Xin Yan Low, Guy Barnard and Tim Gibson from the Global Property Equities Team discuss the current impact of the coronavirus outbreak and how it is playing a part in the evolving real estate landscape.
- Property equities have been resilient, outperforming general equities since the start of the virus outbreak.
- Unsurprisingly, markets and sectors related to retail and tourism have been impacted the most.
- An indirect consequence has been the increased demand for flexible workspace and improved connectivity.
At the time of this writing, the COVID-19 coronavirus has infected more than 75,000 people worldwide, bringing China and other countries in Asia to a near standstill. While we have no particular insight into how this will play out, the impact is already causing significant disruption on the demand side through business and consumer activities, as well as global supply chains.
There may well be unintended consequences that will only become clear with the benefit of hindsight. The key point to focus on is not necessarily the severity of the virus but its duration: In our opinion, this is what will have the greatest impact on the global economy.
What Is the Current Impact on the Real Estate Sector?
Equity markets turned “risk off” in the middle of January, with the outbreak of the COVID-19 virus curtailing any hopes of a recovery in global macroeconomic growth. The defensive nature of property equities has helped the sector outperform general equities globally, as well as in Asia, since the outbreak began.1 Closer to the eye of the storm, Asian equities have lagged most other markets, particularly Hong Kong, which has borne the brunt of the market sell-off.
On the ground, markets and sectors related to retail and tourism have seen the greatest impact. The following charts highlight the importance of China to its Asian neighbors in terms of trade and tourism:
Asia Pacific: Trade and Tourism Links to China in 2019
Asia Pacific: Total Tourist Arrivals from China in 2019
Hotels that derive a large proportion of their business from Chinese and/or business travelers have seen a significant decline in occupancies and future bookings. In countries where the virus has spread within the community, people have been staying home and avoiding crowded areas. This has resulted in reduced foot traffic in retail malls while retailers skewed toward luxury spending have seen a meaningful decline in sales. Some landlords have been pressured into bearing some of the loss of income from their tenants and have offered various forms of rental concessions.
In Hong Kong, pro-democracy protests plagued the city for much of the second half of last year, dampening business and consumer sentiment. As such, the virus outbreak is creating a double whammy and prolonging weakness in most property areas there.
Driving the Need for Flexible Workspace and Improved Connectivity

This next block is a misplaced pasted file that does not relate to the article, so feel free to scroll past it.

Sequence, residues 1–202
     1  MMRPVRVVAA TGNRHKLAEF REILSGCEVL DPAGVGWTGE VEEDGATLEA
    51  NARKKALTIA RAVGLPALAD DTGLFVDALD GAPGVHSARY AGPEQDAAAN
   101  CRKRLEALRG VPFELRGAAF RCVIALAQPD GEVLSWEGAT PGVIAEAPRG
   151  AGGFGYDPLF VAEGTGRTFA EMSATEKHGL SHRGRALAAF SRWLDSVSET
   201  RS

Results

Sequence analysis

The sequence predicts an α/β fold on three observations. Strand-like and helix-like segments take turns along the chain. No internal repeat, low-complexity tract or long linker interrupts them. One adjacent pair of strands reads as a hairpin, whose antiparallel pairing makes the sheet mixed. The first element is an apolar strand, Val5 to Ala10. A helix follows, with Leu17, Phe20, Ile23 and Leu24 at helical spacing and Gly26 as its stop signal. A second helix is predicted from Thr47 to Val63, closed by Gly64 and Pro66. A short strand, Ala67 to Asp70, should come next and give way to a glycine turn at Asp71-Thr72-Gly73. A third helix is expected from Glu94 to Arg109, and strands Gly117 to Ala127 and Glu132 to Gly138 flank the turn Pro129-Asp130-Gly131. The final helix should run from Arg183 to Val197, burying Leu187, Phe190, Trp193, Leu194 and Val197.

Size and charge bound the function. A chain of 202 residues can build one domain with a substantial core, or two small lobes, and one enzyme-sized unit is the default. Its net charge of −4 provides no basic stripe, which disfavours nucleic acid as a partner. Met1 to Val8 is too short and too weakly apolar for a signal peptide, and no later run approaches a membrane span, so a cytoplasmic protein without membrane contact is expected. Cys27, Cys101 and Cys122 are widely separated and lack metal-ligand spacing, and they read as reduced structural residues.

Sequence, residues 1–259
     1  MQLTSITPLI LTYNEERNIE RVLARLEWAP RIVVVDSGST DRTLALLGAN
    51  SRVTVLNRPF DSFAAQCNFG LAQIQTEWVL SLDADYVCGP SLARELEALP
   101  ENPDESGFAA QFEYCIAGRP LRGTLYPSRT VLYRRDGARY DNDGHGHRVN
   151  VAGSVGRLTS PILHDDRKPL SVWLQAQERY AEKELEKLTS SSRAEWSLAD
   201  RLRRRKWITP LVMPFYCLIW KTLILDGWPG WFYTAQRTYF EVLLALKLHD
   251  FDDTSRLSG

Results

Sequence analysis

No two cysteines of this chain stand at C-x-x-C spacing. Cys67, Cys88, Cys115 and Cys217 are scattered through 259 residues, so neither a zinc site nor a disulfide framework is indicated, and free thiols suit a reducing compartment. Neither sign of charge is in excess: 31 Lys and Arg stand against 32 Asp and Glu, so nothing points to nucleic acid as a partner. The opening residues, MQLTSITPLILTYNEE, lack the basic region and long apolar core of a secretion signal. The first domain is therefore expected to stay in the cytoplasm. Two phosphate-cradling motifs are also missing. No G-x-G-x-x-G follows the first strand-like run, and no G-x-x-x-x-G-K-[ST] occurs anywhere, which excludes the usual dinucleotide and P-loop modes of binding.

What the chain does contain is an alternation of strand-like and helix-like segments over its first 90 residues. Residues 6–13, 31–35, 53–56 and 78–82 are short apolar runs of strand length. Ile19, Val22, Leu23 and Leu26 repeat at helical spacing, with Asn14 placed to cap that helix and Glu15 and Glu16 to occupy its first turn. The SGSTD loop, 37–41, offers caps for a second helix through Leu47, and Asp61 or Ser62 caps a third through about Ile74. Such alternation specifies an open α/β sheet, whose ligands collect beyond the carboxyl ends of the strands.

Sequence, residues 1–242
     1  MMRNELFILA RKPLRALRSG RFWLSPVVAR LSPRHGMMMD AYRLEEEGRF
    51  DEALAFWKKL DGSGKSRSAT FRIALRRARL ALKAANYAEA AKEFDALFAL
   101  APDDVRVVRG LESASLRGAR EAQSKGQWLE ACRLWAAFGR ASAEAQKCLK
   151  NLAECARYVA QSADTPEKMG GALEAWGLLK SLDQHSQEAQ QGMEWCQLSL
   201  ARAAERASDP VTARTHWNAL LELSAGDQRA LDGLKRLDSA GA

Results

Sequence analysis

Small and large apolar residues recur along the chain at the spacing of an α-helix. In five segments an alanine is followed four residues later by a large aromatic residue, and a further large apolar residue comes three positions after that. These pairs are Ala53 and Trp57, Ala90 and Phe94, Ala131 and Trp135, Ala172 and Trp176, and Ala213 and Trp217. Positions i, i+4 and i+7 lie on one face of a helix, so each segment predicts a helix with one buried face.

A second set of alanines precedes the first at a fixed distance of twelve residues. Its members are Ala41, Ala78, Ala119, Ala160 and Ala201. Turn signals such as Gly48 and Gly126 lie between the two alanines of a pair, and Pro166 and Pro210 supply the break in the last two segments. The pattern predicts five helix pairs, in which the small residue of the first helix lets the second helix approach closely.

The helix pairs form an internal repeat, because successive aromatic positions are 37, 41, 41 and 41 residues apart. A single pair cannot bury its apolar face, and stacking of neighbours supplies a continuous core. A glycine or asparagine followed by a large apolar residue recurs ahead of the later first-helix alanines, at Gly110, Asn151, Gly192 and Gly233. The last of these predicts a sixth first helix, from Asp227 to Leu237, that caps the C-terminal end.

Above and beyond the more obvious and direct impacts, there may be some medium- or longer-term implications for the property sector. Across Asia, the coronavirus outbreak has led many companies to roll out different forms of remote working plans, which is highlighting the viability of flexible workspace solutions and could change the way businesses think about their physical office space requirements in the future. The surge in online shopping and data connectivity, as people stay and work from home during this period, also supports continued demand for underlying infrastructure, such as logistics space and data centers.
Given these implications, we think investors should continue to focus on sub-sectors within real estate that stand to benefit from structural tailwinds, such as technological advances and changing demographics. For example, the logistics/industrial sub-sector and “non-core” specialty sub-sectors, such as data centers, cell towers and manufactured housing communities, may represent areas of opportunity, whereas investors should be very selective in the retail and office space.
It will take time to assess the full impact of the COVID-19 virus on the global economy and the property sector. Potential policy responses by governments and central banks will keep the situation fluid and potentially volatile.
The COVID-19 outbreak is causing some indirect consequences on real estate by accentuating the changing tides driven by technology advances and changing lifestyles, which are altering the demand and usage for real estate. With many uncertainties on the horizon, an allocation to property equities within a balanced portfolio may be beneficial, given the asset class has historically offered lower correlations to general equities and bonds, as well as a lower beta versus general equities.2
1Source: Refinitiv Datastream. FTSE EPRA NAREIT Pure Asia Total Return Index (Asian property equities), FTSE World Asia Pacific Total Return Index (Asian equities), FTSE EPRA NAREIT Developed Total Return Index (global REITs), MSCI World Total Return Index (global equities) in USD from 12/31/19 to 2/18/20.
2Source: EPRA, monthly statistical bulletin as of 12/31/19. Comparative total return correlation versus global bonds and global equities. Factset; FTSE EPRA NAREIT Developed Total Return Index beta versus MSCI World Index from December 2010 to December 2019. Beta measures a stock’s volatility in relation to the broad market.
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